Developing Asia Expected To Grow Steadily Despite External Pressures


Developing Asia is expected to grow steadily despite external pressures and should meet earlier forecasts for 2016 and 2017, aided by resilience in the region’s two largest economies—the People’s Republic of China and India, says a new Asian Development Bank (ADB) study.

In an update of its flagship annual economic publication, Asian Development Outlook (ADO) 2016, ADB kept its 2016 and 2017 gross domestic product (GDP) growth forecasts unchanged from its March estimates of 5.7% for each year.

“Strong growth in the PRC and India is helping the region maintain its growth momentum,” said Juzhong Zhuang, Deputy Chief Economist. “Still, policymakers need to watch for downside risks including potential capital reversals that could be triggered by monetary policy changes in advanced economies, especially the US.”

A delayed recovery continues to hamper major industrial economies (the US, the euro area, and Japan) and the ADO Update has trimmed the earlier 2016 growth forecast to 1.4%, rising slightly to 1.8% in 2017.

Fiscal and monetary stimulus measures supported stronger-than-expected growth in the PRC. The ADO Update raised the PRC’s growth forecasts by 0.1 percentage points in 2016 and 2017, to 6.6% and 6.4% respectively, which is helping to offset sluggishness elsewhere in East Asia. The subregion is now expected to grow 5.8% in 2016, and 5.6% in 2017.

South Asia, driven by the Indian economy, will retain its rapid pace of growth with GDP seen expanding 6.9% in 2016, and 7.3% the following year, unchanged from the March forecasts. India’s growth forecast for fiscal year 2016 is kept at 7.4%, supported by strong private consumption, while the milestone tax reform passed this year and progress in restructuring bank balance sheets should help revive investment and propel growth of 7.8% in 2017.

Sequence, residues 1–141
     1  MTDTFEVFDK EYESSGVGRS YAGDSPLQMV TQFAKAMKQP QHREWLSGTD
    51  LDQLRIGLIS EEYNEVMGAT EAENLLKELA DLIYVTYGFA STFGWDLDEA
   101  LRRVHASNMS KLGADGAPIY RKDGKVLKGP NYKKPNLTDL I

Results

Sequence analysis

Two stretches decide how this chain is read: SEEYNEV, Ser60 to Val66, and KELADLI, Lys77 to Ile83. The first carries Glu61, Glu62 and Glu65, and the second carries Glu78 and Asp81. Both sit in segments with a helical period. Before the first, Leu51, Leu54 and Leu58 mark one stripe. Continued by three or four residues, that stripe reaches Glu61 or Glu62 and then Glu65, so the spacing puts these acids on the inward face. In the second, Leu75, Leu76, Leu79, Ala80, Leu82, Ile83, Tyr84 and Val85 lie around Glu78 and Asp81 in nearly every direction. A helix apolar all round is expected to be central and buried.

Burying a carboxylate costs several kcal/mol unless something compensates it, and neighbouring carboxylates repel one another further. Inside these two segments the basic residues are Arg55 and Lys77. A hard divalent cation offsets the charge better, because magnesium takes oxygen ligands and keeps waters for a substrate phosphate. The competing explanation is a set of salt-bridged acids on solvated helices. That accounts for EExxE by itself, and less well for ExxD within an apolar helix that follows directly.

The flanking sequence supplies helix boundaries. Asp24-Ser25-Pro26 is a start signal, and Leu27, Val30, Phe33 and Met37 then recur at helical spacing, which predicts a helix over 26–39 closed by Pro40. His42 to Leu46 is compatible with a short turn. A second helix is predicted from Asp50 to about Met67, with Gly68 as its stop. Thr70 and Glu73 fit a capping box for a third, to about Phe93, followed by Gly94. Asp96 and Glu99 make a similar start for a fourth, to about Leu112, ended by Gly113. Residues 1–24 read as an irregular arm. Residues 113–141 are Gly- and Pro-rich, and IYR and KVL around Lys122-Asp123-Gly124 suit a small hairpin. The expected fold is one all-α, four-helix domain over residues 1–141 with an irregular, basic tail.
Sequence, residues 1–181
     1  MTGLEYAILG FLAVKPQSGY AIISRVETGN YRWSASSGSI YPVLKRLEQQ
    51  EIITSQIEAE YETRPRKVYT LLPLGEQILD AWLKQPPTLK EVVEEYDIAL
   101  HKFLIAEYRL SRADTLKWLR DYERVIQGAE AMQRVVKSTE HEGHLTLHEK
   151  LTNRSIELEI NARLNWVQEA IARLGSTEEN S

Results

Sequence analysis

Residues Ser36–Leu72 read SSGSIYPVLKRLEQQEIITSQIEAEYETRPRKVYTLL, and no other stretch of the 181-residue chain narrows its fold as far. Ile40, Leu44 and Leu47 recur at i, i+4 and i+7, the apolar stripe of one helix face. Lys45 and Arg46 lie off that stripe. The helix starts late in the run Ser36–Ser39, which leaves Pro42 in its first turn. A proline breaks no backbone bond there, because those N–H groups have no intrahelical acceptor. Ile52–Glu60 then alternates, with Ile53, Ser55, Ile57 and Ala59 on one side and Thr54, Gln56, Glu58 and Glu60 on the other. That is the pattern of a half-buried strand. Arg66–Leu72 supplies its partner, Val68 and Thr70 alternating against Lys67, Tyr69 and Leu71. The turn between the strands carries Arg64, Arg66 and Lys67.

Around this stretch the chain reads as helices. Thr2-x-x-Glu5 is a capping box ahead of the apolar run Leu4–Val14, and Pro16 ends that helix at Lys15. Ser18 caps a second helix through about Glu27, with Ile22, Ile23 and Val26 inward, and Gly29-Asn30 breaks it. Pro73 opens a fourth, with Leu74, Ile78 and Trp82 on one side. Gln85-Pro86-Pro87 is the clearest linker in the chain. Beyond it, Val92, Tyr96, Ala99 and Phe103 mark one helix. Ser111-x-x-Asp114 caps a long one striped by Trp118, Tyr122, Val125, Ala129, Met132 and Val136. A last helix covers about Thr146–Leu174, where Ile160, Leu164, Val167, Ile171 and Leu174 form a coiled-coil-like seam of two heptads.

Southeast Asian economies will see growth edge up to 4.5% in 2016 on the back of robust government infrastructure investment, supported by strong performances from the Philippines and Thailand. In 2017, the subregion is expected to benefit from a pickup in demand from advanced economies and higher prices for export commodities.

Central Asian economies will remain under pressure from still depressed oil and gas prices, low external demand, and lower remittances. Growth for the subregion is now revised down to 1.5% for 2016, from 2.1% seen in March, reflecting the pessimistic outlook for energy exporters, Azerbaijan, Kazakhstan and Turkmenistan. In 2017, growth should pick up to 2.6% on expected stronger external demand and commodity prices.

The Pacific subregion meanwhile will also post softer growth than previously forecast, with growth projected at 2.7% in 2016 compared to the earlier projection of 3.8%. The slowdown is due to the fiscal contraction in Papua New Guinea, the impacts of a severe cyclone in Fiji, and drought in the North Pacific. The impact will be partially offset by some improved performances from smaller economies, aided by a pickup in tourism. Growth in the subregion will spring back to 3.5% in 2017.

The ADO Update notes that risks to the region’s outlook remain tilted to the downside, with the external environment still fragile and the possibility of a US Federal Reserve Rate hike leaving open the potential for disruptive capital flows that could complicate macroeconomic policy management in the region.

ADB, based in Manila, is dedicated to reducing poverty in Asia and the Pacific through inclusive economic growth, environmentally sustainable growth, and regional integration. Established in 1966, ADB in December 2016 will mark 50 years of development partnership in the region. It is owned by 67 members—48 from the region. In 2015, ADB assistance totaled $27.2 billion, including cofinancing of $10.7 billion.

EU-Asia Centre

The EU-Asia Centre aims to fill a void and establish itself as the leading, Brussels-based research policy think tank on EU-Asia relations, covering developments in Asia and relations between the EU and Asia.

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